What is Pragmatic Philosophy?
Pragmatic is a word that means “concerned with matters of fact.” People who are pragmatic tend to be more interested in what works than what might or should be. In a business setting, someone who is pragmatic may focus on bringing results rather than on ideals. However, there are some serious pitfalls with this approach that could have negative consequences for both individuals and society at large.
It is important to understand what pragmatism actually entails in order to apply it to your life and work in a meaningful way. To do this, you’ll need to be able to distinguish it from other philosophical movements and understand how it fits in with your worldview.
Generally speaking, pragmatism is an alternative to the analytic and Continental (or ‘Continental’) traditions of philosophy. It arose in the United States around 1870 and owes its early development to Harvard-educated men who formed a so-called Metaphysical Club for informal philosophical discussions. Two of these men, Charles Sanders Peirce and William James, became the first self-consciously pragmatic philosophers. Peirce’s ideas were influenced by the scientific revolution that was underway at the time, particularly evolutionary theory.
James’ ideas were more rooted in his studies of psychology and morality. In a sense, he was the first moral philosopher to become self-conscious about the notion of pragmatism and its implications. His work was heavily influenced by evolutionary theory, as well as by the burgeoning field of social science.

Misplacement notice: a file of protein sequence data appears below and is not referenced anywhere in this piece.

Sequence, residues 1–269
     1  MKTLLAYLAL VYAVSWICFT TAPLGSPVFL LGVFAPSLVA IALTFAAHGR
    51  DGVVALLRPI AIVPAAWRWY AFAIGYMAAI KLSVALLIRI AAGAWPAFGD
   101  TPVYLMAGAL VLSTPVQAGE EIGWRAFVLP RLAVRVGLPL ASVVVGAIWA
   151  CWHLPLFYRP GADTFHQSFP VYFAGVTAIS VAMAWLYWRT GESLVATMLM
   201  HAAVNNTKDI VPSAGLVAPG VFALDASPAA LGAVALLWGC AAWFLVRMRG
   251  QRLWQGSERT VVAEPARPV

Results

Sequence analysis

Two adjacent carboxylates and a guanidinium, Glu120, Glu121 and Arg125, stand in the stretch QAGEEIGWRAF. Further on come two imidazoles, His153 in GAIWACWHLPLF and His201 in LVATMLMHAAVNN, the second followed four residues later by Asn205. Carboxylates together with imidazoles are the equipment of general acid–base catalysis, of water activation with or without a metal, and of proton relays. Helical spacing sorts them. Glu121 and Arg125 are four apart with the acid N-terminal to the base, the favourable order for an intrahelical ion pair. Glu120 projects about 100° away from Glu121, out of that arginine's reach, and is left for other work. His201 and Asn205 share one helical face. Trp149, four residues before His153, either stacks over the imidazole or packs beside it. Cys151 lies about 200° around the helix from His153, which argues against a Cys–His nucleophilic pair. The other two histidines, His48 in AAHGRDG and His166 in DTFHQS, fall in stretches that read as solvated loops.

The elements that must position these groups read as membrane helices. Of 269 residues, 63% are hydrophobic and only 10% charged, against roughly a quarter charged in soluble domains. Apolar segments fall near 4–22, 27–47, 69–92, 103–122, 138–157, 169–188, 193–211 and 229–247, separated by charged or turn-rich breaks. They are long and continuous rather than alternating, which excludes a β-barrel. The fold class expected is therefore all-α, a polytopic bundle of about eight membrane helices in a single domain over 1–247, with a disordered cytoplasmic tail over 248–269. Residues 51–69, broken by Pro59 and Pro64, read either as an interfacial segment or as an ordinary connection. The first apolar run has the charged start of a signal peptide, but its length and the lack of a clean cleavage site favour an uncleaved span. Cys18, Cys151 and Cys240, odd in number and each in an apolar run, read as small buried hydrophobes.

Like Peirce, James was a natural polymath. He was a mathematician, physicist and logician in addition to being a philosopher. These diverse skills enabled him to see the interconnections between different aspects of human thought and behavior. As a result, he was able to devise a philosophical theory that incorporated both naturalism and realism with an emphasis on the functional and practical utility of knowledge and action.
He also stressed the need for change to be embraced, rather than avoided or rejected. He was especially critical of doctrines of metaphysics and idealism that he saw as stifling pragmatic progress. He believed that existence is fundamentally concerned with action, and that it is the function of knowledge to enable humans to adapt to reality and control it.
Another key aspect of pragmatism is the concept that knowledge is always contextual. This is because it must be applied in specific situations to make sense. It is therefore a non-representational or asymmetrical notion of knowledge, in which the knowledge we possess at any given moment is only as good as the context in which we are using it.
The study of contextuality is the field of study known as pragmatics. This is distinct from other areas of linguistics, such as semantics, syntax and semiotics, which are primarily concerned with the literal meaning of expressions. Pragmatics is the study of how we determine what meaning an utterance has in a particular situation and how we use it. For example, the statement “I have two sons” might mean one thing to the speaker and something entirely different to you. You might interpret the statement as a simple sharing of information, while the speaker may see it as an unwelcome monopolization of your time.